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Re: [xmca] moral life of babies

I think with Larry's additional comment to me and now this great
case, the general point is clear. There is some sort of culturally organized
"imaginary" (yes, prolepsis) in all parent-infant interactions. That is the
kind of "functional equivalent" i was talking about.

Quechua have the manta pouch to keep their babies alive at 12,000 ft
and a very low average daytime temperature. The problem is that I have
only read psychologists' accounts of their actual interactional patterns.
Not clear from those how prolepsis works.

Any idea of the infant mortality rate among the Kogi? Seems like it might be
a little difficult to make it past a couple of months! (Among the Kpelle
when i worked in Liberia it was about 50%, but that owing to high levels of
malaria and nasty water, and of course, no money to buy prophylactic
medicines. Extreme poverty makes for very different imaginaries.

On Sat, May 15, 2010 at 3:10 PM, Martin Packer <packer@duq.edu> wrote:

> On May 12, 2010, at 5:16 PM, mike cole wrote:
> > Question: The pattern Martin describes with Sarah and Jenny (hmmm, i once
> > had a little one named Jenny) appears very wide spread among
> > American middle class mothers. It appears virtually absent in a lot of
> > cultures (Kaluli, Yucatec Maya........). Seems doubtful that the Kaluli
> or
> > the Maya lack imagination or communication. What might be the functional
> > equivalents?
> > mike
> Mike, you are certainly correct that what I described between Sarah and
> Jenny is culture-specific. But I think Larry is equally correct to say that
> imagination (prolepsis?) is involved in all cultures' treatment of their
> children. I am reading the ethnographies by Gerardo Reichel-Dolmatoff of the
> Kogi people of the Sierra Nevada mountains in the north of Colombia. Life
> there is certainly very different from Northern California! The Kogi
> consider their newborn to be "little adults" that "still know nothing" and
> so are not to be held responsible for their actions. Boy infants are
> considered to be already masculine, a companion to the father and a member
> of the group of adult men. Girls are involved from the outset in the
> economic activity of their mothers. Both genders are from a very young age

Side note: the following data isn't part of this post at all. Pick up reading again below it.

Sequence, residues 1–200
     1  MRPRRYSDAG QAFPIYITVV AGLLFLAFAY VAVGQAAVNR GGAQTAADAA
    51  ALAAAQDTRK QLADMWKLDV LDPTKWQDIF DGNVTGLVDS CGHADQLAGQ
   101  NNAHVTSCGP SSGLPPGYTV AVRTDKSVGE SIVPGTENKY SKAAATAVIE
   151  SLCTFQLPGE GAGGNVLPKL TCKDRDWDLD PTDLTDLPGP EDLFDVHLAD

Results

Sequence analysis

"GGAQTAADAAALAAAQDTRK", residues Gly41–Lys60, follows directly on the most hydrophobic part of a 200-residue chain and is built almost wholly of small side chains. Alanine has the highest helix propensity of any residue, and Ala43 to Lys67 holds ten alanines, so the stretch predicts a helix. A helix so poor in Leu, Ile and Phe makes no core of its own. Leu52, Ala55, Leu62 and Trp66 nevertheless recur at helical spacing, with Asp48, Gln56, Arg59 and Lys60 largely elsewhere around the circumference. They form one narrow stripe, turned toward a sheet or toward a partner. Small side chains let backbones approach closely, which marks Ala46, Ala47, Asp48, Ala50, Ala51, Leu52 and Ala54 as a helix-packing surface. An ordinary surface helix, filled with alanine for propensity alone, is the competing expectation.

> taken by their mother into the mountain as part of daily activity.
> For the first 4 weeks the baby is firmly wrapped and carried by the mother,
> along with her other burdens. At first they cry a lot, from hunger, physical
> discomfort, or abrupt changes in temperature, but because the adults can do
> little to satisfy their desires the cries soon cease, and babies older than
> a month rarely cry.
> From around a month until 6 months the infant is carried in a cotton bag,
> one of the "mochilas" that is made locally. The mother carries this bag on
> her back, tying its strap in front of her. Only the child's head protrudes,
> flopping from side to side until it happens to rest against the mother's
> back. In the house the bag is hung vertically wherever is convenient, with
> the baby still inside, its back against the wall. This is generally how the
> baby sleeps, though occasionally the mother will take it out of the bag and
> they will sleep together for warmth. This practice, however, is considered
> "dangerous," and there is much talk of occasions when a mother squashed her
> baby (I think 'squashed' is the translation!).
> Outside, the baby is hung from a handy tree branch or the bag is placed on
> the ground. The infant can move only its head, but seems not to be
> inconvenienced by the restriction. Often the baby cries only when it is
> removed from the bag. It is generally taken out only to be washed, warmed in
> front of the fire, or fed. Only when, more than 6 months old, the infant
> starts to move so vigorously that it may fall from the bag during the night
> does the mother allow it to sleep with her. Outside the house the baby still
> travels in the bag, but inside it now generally sits, and soon begins to
> crawl. R-D describes this sudden liberty as a new phase in which the infant
> discovers the possibility of moving towards and away from people, and moving
> towards the fire for warmth. The adults find these efforts amusing, and say
> that the infant now "goes searching for food!" They express their pride and
> approval, and consider that now the infant is definitely entering the
> "human" phase. This is the occasion for a small ceremony to which the shaman
> is invited, and at which plantain, yuca, beans and meat are served. The
> shaman performs a chant in which he asks the universal mother (the earth) to
> care for the child its whole life. This is, R-D proposes, a kind of
> initiation rite into the adult cycle of nutrition which has much importance
> for the individual.
> Here there seems to be much less face-to-face interaction than is typical
> in the US or England, but still adults are interpreting the child's
> motivation in what Larry refers to as an "as if" way, so that the infant is
> completely embedded in a cultural and historical matrix - a second, social,
> womb from which a recognizable Kogi eventually emerges. R-D's interpretation
> of the mechanisms is too Freudian for my taste, but even so he is surely
> correct to see the origins of adult personality and worldview in these
> practices of child-rearing.
> Martin
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